Electricallongboard and the not a bot community

Exploring a Twitch subculture that supports small streamers

No salon again this week as we remain in low gear. However our next salon, to be held Tuesday January 5th 2021 at 1pm (Eastern) is not be missed. It will feature the brilliant Robin Shaban, and look at the political economy of competition law. Normally a dry subject, but Robin brings it to life and makes it accessible, which is especially important and relevant given all the antitrust action going on. Mark it in your calendar and join us!


This time last year I was obsessed with TikTok, learning as much as I could about the platform and through the platform. The use of algorithms and automated production made the app easy to use. The barrier to entering the media industry and show business was lower than ever.

TikTok went on to have a banner year, in spite of threats from the POTUS and bans in major markets like India. While TikTok has changed tremendously in the last year, their growth is not slowing, nor will their influence on the cultural industries diminish.

This year I’m obsessed with Twitch (and turning chores into television). Perhaps for similar reasons. The use of algorithms and automated production makes the platform relatively easy to use. In this case the barrier to producing compelling and accessible video entertainment is lower than ever.

Although where my obsession with TikTok was as a consumer and researcher, my obsession with Twitch is almost entirely as a producer and creator.

While Twitch also had a great 2020, their next year is going to be even larger, as will their influence on both the cultural industries, and pop culture in general.

I’ll be writing about this in greater depth in the weeks and months to come, however in this issue I wanted to share a story, as a kind of glimpse or anthropological journey into a part of the Twitch world I recently encountered.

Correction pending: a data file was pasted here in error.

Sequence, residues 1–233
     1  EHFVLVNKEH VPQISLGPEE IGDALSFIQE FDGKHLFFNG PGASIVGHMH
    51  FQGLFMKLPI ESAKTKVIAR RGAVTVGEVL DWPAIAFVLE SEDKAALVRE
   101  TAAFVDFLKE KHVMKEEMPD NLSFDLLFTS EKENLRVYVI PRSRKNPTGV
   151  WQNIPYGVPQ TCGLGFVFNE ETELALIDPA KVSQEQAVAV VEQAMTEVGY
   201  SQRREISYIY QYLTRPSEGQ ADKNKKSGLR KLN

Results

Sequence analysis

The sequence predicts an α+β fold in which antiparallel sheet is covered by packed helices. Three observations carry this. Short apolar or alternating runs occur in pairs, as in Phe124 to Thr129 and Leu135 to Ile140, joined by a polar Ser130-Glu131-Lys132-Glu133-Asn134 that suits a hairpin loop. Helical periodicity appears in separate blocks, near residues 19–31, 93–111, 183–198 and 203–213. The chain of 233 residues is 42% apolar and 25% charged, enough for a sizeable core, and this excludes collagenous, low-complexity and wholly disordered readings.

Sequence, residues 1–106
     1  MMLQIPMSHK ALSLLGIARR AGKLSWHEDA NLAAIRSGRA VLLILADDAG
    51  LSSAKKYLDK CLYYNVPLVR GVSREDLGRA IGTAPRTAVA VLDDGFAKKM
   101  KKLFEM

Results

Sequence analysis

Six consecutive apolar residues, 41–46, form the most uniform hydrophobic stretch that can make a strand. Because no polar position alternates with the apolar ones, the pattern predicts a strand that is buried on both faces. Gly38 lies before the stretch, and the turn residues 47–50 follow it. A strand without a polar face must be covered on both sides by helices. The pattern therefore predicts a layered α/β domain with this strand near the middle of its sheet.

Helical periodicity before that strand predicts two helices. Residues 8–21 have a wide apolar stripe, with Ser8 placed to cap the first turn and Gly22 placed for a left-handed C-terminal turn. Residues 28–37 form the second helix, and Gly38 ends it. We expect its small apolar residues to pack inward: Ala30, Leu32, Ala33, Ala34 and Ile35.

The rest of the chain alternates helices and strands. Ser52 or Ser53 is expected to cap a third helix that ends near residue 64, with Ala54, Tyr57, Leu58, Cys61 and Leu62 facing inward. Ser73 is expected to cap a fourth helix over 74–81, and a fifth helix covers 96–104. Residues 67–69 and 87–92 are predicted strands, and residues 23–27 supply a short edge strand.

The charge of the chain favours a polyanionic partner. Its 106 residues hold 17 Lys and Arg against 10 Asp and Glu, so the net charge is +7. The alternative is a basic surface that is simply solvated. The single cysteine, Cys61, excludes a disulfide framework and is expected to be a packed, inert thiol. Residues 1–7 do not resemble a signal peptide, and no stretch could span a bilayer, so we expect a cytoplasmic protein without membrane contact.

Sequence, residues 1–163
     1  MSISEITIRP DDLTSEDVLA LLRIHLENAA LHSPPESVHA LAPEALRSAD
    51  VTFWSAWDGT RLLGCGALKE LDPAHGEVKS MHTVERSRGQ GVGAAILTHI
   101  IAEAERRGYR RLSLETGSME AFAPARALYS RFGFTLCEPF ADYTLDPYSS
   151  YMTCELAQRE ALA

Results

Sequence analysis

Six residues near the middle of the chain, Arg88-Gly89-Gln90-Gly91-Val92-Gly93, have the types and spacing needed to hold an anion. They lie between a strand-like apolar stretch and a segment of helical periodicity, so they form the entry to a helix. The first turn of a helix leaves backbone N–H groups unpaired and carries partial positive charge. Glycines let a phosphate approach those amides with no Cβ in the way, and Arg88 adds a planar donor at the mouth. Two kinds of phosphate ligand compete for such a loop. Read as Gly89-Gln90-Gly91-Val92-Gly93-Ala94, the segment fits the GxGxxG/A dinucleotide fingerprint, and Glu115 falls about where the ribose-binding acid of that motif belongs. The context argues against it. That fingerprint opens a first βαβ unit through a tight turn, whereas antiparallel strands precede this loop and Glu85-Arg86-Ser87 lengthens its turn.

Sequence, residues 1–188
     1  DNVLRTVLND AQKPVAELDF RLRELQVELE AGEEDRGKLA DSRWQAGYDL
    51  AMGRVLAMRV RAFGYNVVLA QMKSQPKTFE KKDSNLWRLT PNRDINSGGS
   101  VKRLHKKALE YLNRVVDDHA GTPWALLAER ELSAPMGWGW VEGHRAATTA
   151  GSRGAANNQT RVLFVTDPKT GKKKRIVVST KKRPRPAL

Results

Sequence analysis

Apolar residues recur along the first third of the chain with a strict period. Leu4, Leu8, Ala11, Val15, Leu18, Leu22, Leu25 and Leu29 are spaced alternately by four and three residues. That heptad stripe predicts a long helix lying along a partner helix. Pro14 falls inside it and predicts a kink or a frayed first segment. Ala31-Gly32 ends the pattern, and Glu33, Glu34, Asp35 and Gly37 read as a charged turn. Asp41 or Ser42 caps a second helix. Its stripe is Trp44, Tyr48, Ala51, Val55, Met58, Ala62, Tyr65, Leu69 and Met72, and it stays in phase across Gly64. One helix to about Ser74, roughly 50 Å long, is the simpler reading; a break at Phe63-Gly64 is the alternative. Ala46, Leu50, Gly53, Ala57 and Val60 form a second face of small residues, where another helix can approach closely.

All chat bots lead to Electricallongboard

This is the story of Electricallongboard. A Twitch user, channel, and “everstream”.

Electricallongboard is an open community that seeks to serve the needs of small and aspiring Twitch streamers. While it is effectively owned and controlled by a single individual, the community is participatory, and relatively transparent.

Like any (social media) platform, Twitch is largely subjective, and how it is used is influenced by how people choose to use it. While most people still use Twitch to stream video game related content, there is a growing subset who use the platform for other purposes.

For example, we’re part of a growing trend of animal or farm related content. I also plan to stream content related to what we explore here on Metaviews.

Fostering Algorithmic Literacy?

As a relatively new user to the platform, and as a creator, I’m pressing all the buttons and exploring all the features. Similarly as a streamer who aspires to having a larger audience, I’m conscious of the metrics that are expected of me, and the logic that drives the algorithm.

This is one way that Twitch is slightly different from other social media. The algorithm and popularity on the platform is gamified. They provide “achievements” or “badges” that guide users through necessary steps that bend your content and behaviour towards the desired algorithmic outcome.

While this could be framed as manipulation, I see the opposite: a cultivation of algorithmic literacy, as Twitch wants to be transparent about how some users or channels succeed (and get paid) while others do not.

Accessible attention?

One of the consequences of this relatively transparent path to success is that it fosters a greater desire to achieve it. It’s not easy. Quite the opposite. However it still feels somewhat accessible.